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Therefore make present satisfaction;
Ang. Ev'n juft the sum, that I do owe to you, (16)
Courtezan's. Offi. That labour you may save: see, where he comes.
E. Ant. While I go to the goldsmith's house, go thou And buy a rope's end; That will I bestow Among my wife and her confederates, For locking me out of my doors by day. But, soft; I see the goldsmith: get thee
gone, Buy thou a rope, and bring it home to me. É. Dro. I buy a thousand pound a year! I buy a rope!
[Exit Dromio. E. Ant. A man is well holp up, that trusts to you: I promised your presence, and the Chain: But neither Chain nor goldsmith came to me: Belike, you thought, our love would last too long If it were chain'd together; therefore came not.
Ang. Saving your merry humour, here's the note, How much your Chain weighs to the utmost carat; The fineness of the gold, the chargeful fashion; (16) Ev'n just the Sum, that I do owe to you,
Is owing to me by Antipholis.] Mr. Pope, who pretends that he makes no Innovations but ex fide Codicum, has sophisticated this Passage for no Reason in the World as I apprehend. The oldest Folio, and all the other Copies that I have seen, read in the second Line;
Is growing to Mé by Antipholis.
And, knowing how the Debt grows, I will pay it.
Adr. I know the Man; what is the Sum be owes ?
Which do amount to three odd ducats more,
E. Ant. I am not furnish'd with the present mony;
Ant. Then you will bring the Chain to her your self?
E. Ant. No; bear it with you, lest I come not time enough.
Ang. Well, Sir, I will: have you the Chain about
E. Ant. An if I have not, Sir, I hope, you have: Or else you may return without your mony.
Ang. Nay, come, I pray you, Sir, give me the Chain;
E. Ant. Good lord, you use this dalliance to excuse
Mer. The hour iteals on; I pray you, Sir, dispatch.
mony. Ang. Come, come, you know, I gave it you ev'n now. Or send the Chain, or send me by some token.
E. Ant. Fie, now you run this humour out of breath:
Mer. My business cannot brook this dalliance:
E. Ant. I answer you? why should I answer you?
E. Ant. You gave me none; you wrong me much
to say so. Ang. You wrong me more, Sir, in denying it; Consider, how it stands upon my credit.
Mer. Well, officer, arrest him at my suit.
Ofi. I do, and charge you in the Duke's name to obey me.
Ang. This touches me in reputation. Either consent to pay the sum for me, Or I attach you by this officer.
E. Ant. Consent to pay for That I never had! Arrest me, foolish fellow, if thou dar'ft.
Ang. Here is thy fee; arrest him, officer; I would not spare my brother in this case, If he should scorn me so apparently.
Offi. I do arrest you, Sir; you hear the suit.
E. Ant. I do obey thee, 'till I give thee bail.
Ang. Sir, Sir, I shall have law in Ephesus,
Enter Dromio Sira. from the Bay. S. Dro. Master, there is a bark of Epidamnum, That stays but, till her owner comes aboard; Then, Sir, the bears away. Our fraughtage, Sir, I have convey'd aboard; and I have bought The Qyl, the Balsamum, and Aqua-vite. The ship is in her trim; the merry wind Blows fair from land; they stay for nought at all, But for their owner, master, and your self. E. Ant. How now! a mad man! why, thou peevish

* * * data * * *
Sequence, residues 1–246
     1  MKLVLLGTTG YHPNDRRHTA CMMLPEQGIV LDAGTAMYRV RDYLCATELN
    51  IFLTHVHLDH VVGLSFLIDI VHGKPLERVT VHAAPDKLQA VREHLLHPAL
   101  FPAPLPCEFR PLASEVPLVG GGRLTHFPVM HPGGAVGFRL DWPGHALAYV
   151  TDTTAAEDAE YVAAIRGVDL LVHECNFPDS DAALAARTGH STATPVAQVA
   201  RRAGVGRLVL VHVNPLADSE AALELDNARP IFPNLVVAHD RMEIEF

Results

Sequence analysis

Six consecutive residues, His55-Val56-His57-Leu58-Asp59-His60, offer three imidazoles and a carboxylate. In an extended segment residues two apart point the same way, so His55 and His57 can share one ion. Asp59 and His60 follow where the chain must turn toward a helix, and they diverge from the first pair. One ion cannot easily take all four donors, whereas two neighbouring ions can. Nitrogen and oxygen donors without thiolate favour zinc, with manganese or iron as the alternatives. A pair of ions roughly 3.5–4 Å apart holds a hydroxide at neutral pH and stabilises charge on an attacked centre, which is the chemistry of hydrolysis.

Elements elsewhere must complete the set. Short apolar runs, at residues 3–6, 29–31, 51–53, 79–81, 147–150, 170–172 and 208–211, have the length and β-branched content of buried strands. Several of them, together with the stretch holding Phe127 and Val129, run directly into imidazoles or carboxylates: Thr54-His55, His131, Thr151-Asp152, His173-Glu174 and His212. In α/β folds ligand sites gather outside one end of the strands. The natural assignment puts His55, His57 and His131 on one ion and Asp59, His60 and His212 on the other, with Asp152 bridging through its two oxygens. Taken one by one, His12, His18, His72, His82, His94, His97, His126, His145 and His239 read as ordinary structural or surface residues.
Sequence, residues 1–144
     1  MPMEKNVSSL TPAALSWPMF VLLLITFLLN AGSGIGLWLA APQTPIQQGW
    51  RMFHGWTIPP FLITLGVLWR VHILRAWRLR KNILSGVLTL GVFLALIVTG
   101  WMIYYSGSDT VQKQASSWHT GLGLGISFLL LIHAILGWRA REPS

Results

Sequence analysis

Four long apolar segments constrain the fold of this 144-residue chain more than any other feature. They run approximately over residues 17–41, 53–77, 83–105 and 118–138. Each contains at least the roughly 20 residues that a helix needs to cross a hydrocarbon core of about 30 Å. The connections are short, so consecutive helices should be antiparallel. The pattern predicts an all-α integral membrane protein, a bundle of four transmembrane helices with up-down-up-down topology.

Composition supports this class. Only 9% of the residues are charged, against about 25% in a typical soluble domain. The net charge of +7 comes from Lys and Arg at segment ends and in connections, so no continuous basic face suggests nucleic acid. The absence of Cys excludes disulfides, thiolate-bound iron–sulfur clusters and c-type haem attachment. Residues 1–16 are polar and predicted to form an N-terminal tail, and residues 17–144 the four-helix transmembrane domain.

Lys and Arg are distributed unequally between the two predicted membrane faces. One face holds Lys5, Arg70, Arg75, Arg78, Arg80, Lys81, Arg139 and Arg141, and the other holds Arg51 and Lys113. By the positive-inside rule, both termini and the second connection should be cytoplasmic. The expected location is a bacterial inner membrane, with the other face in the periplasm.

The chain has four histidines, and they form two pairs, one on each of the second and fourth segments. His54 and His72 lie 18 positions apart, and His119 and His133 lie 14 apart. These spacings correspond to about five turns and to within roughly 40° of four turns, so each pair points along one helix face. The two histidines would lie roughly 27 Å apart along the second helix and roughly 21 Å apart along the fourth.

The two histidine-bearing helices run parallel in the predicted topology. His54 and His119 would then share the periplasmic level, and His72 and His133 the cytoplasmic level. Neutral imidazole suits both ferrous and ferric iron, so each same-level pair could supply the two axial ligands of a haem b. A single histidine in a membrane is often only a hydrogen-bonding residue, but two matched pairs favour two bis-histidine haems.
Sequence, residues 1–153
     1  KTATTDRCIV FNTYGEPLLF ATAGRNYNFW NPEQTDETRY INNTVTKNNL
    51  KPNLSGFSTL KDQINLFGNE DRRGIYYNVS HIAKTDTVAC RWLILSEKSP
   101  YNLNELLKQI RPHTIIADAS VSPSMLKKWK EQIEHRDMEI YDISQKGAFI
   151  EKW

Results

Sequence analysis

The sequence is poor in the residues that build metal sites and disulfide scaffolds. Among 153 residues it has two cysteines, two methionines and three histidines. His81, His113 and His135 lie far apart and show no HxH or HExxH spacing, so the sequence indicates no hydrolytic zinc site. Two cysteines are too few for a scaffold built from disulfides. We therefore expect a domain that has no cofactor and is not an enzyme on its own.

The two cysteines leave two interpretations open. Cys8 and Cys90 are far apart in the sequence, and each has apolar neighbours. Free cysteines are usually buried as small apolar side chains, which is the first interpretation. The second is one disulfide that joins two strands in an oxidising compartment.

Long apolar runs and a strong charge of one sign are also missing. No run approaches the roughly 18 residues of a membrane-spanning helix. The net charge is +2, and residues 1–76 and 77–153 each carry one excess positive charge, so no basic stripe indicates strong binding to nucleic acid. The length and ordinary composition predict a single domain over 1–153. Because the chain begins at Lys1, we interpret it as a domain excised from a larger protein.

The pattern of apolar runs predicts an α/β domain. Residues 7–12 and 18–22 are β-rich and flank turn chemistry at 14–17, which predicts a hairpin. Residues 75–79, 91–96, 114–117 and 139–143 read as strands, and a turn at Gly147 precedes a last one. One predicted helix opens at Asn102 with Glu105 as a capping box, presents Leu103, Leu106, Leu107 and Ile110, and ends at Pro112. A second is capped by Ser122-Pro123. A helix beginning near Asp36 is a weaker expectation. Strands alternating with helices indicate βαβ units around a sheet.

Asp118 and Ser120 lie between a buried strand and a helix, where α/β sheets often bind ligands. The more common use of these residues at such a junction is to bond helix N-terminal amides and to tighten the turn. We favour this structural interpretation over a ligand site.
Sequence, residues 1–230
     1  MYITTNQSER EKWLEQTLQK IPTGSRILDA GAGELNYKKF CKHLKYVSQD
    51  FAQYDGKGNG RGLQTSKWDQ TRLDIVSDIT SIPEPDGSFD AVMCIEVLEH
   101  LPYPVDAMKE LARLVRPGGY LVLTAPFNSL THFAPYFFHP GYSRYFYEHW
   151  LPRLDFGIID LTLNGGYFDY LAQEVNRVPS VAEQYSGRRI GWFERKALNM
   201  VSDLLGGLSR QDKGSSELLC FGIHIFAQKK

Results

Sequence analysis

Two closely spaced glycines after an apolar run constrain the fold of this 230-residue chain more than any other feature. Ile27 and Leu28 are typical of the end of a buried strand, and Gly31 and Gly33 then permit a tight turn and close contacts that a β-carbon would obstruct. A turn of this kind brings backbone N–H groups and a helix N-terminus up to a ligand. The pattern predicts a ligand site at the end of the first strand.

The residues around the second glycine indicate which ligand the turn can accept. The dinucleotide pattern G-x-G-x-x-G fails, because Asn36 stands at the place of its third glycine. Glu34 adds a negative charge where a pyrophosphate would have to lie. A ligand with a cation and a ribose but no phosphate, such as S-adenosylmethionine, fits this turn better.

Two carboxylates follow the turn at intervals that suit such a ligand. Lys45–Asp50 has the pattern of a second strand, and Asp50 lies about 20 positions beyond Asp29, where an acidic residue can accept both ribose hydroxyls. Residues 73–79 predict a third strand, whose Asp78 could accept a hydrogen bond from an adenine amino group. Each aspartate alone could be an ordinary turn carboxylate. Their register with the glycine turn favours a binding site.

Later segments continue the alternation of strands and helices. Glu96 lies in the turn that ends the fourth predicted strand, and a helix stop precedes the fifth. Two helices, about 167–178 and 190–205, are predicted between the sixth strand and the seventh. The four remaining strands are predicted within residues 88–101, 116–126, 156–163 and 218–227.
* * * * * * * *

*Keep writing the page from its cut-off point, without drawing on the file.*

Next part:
sheep, What ship of Epidamnum stays for me?
S. Dro. A ship you sent me to, to hire wafrage.
E. Ant. Thou drunken slave, I sent thee for a rope And told thee to what purpose, and what end.
S. Dro. You sent me for a rope's-end as soon : You sent me to the Bay, Sir, for a bark.
E. Ant. I will debate this matter at more leisure,
SCENE changes to E. Antipholis's House.
Enter Adriana and Luciana.
Might'st thou perceive austerely in his eye
Luc. First he deny’d, you had in him no Right.
Luc. Then pleaded I for
Adr. Did'tt speak him fair?
Adr. I cannot, nor I will not, hold me ftill;
He is deformed, crooked, old and sere,
Luc. Who would be jealous then of such a one?
And yet, would herein others eyes were worse :
Enter S. Dromio.
S. Dro. No, he's in Tartar Limbo, worse than hell;
hell. Adr. Why, man, what is the matter?
S. Dro. I do not know the matter; he is 'rested on the case.
(17) A Fiend, a Fairy, pitiless and rough,] Dromio here bringing Word in haste that his Master is arrested, describes the Bailiff by Names proper to raise Horror and Detestation of such a Creature, such as, a Devil, a Fiend, a Wolf, &c. But how does Fairy come up to these terrible Ideas ? Or with what Propriety can it be used here? Does he mean, that a Bailiff is like a Fairy in stealing away his Master? The truest Believers of those little Phantoms never pretended to think, that they stole any thing but Children. Certainly, it will fort better in Sense with the other Names annex'd, as well as the Character of a Catch-pole, to conclude that the Poet wrote ; a Fiend, a Fury, &c. I made this Conjecture in my SHAKESPEARE restor'd; and Mr. Pope has thought fit to embrace it in his last Edition.